The new elementary school on Melrose Avenue is officially open for business, The Jamestown Press reported Aug. 15, 1991.

A ribbon-cutting ceremony was conducted to commemorate the building receiving its occupancy permit. Built by the F.W. Brown Company, of Connecticut, the school will serve students in kindergarten through fourth grade. Although the contracted bid to build the facility was $3.26 million, the final cost was $4.1 million, according to Phyllis Schmidt, superintendent. That price included “everything to make the school livable,” she said, from furniture to the archaeological survey.

100 years ago — Aug. 11, 1923
(Newport Mercury)

The tugboat Boxer lost a member of its crew off the Dumplings as it was putting out to sea with a tow of three barges. The man fell overboard and before help could reach him, he disappeared. A report was made at the U.S. Customs Office in Newport.

75 years ago — Aug. 13, 1948
(Newport Mercury)

Jamestown will reverse the trend of most neighboring communities by reducing its tax rate from $23.50 to $21.50 largely through the use of money from its sinking fund. The tax assessors have reached a tentative figure for the 1948-49 fiscal year, which will permit the reduction.

The current assessments will raise $117,030. The present figures could change slightly, however, when data is furnished by the Federal Land Development Corporation on its Jamestown Shores resident project.

Voters directed the assessors to raise between $112,000 and $120,000. This will result in the lowest tax rate since 1940, when it was $20 per $1,000. To pay ferry notes and road bonds, $32,760 was taken from the sinking fund, which enabled the lower rate.

50 years ago — Aug. 10, 1973
(Newport Mercury)

Merton Hull, who was Jamestown’s fire chief for 20 years, died at South County Hospital in Wakefield after a long illness. He was 74.

A member of the fire department for 42 years, Hull served as chief from 1945 until he retired in 1965. He was a carpenter contractor and a caretaker of summer cottages. Hull, a charter member of the Jamestown Lions Club, is a direct descendant of Jamestown’s earlier families. His parents were Charles Edward and Nettie Caswell Hull.

25 years ago — Aug. 13, 1998
(The Jamestown Press)

A landmark policy by the federal government has made Rhode Island the only state in the nation to ban the dumping of marine sewage into its coastal waters.

John DeVillars, who serves as the regional administrator for the U.S. Environmental Protection Agency, approved the request based on a six-year study by the Rhode Island Department of Environmental Management. The state agency said it needs to further increase the number of the pumpout facilities, which has ballooned eightfold since 1990, because the number of registered boats continues to grow.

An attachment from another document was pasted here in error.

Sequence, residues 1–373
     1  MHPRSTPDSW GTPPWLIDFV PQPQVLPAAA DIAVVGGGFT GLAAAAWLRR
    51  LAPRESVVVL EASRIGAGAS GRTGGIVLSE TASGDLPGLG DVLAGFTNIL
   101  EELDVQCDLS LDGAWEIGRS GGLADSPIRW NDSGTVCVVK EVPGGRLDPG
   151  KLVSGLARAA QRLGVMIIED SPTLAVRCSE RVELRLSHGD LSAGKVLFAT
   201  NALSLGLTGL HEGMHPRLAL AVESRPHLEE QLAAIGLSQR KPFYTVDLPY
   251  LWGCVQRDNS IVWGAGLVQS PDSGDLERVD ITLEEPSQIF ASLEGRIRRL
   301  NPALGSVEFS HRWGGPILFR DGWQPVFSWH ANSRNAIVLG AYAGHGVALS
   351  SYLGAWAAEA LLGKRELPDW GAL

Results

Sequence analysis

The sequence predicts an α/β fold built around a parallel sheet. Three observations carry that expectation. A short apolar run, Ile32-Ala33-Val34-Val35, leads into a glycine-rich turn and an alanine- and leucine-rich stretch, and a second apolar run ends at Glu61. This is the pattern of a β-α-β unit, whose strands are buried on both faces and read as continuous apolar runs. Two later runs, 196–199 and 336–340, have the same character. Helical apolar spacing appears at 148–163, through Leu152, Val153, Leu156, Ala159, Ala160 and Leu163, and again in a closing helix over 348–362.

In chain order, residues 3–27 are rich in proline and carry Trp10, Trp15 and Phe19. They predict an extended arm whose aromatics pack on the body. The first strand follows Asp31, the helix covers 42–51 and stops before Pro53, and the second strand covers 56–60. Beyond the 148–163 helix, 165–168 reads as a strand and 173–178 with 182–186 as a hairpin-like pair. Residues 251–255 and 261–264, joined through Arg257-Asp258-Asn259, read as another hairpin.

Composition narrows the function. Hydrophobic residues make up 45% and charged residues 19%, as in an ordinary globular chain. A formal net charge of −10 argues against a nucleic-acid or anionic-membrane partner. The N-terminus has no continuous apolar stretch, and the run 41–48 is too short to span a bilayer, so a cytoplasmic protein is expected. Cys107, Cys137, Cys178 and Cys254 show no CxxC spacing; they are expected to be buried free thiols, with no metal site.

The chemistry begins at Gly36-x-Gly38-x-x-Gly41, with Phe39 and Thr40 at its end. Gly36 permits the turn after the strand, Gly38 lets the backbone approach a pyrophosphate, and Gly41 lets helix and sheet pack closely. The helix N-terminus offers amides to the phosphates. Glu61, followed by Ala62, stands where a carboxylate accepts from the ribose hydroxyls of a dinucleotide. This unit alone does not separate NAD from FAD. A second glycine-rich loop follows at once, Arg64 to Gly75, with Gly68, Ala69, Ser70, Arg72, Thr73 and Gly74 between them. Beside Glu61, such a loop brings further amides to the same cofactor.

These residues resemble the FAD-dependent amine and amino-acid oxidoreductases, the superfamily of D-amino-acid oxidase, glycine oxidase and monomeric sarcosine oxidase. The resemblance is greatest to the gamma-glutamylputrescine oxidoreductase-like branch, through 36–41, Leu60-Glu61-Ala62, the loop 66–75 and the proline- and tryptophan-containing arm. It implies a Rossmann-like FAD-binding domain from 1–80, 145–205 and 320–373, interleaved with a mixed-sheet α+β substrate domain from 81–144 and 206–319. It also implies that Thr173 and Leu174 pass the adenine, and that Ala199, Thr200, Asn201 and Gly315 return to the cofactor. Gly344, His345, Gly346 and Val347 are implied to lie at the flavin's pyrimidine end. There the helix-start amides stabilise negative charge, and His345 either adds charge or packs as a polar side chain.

Gov. Lincoln Almond said this law “will go a long way in enabling us to maintain the pristine water” in the Ocean State.

“We’re very proud that Rhode Island is the first state in the nation to have this designation,” Almond said. “It’s testimony to my administration’s commitment to protect the environment.”

The two pumpout facilities in Jamestown — at East Ferry and Dutch Harbor — are both free to use. Harbormaster Sam Paterson said there is no fee because the complimentary service encourages boaters to use the stations.

“Any little thing helps,” he said. “I want to achieve clean water.”

10 years ago — Aug. 15, 2013
(The Jamestown Press)

The quasi-public state bridge authority said it will return both the Sakonnet and Jamestown spans to the Rhode Island Department of Transportation if it is unable to increase and collect tolls on the Sakonnet River Bridge.

David Darlington, chairman of the board for the Rhode Island Turnpike and Bridge Authority, said the contract with the state has a provision that allows the agency to return the bridges to the state if a revenue source can’t be found to pay for the four-span system.

The transportation agency already has said it doesn’t have the money to maintain the two spans. The bridge authority still would own the Newport and Mount Hope bridges if it returned the other two spans.

A decision by the state legislature at the end of its 2013 session instituted a 10-cent toll on the Sakonnet span. The legislature said if no toll was imposed, federal law could prevent any tolls in the future while the 10- cent toll allows for future increases.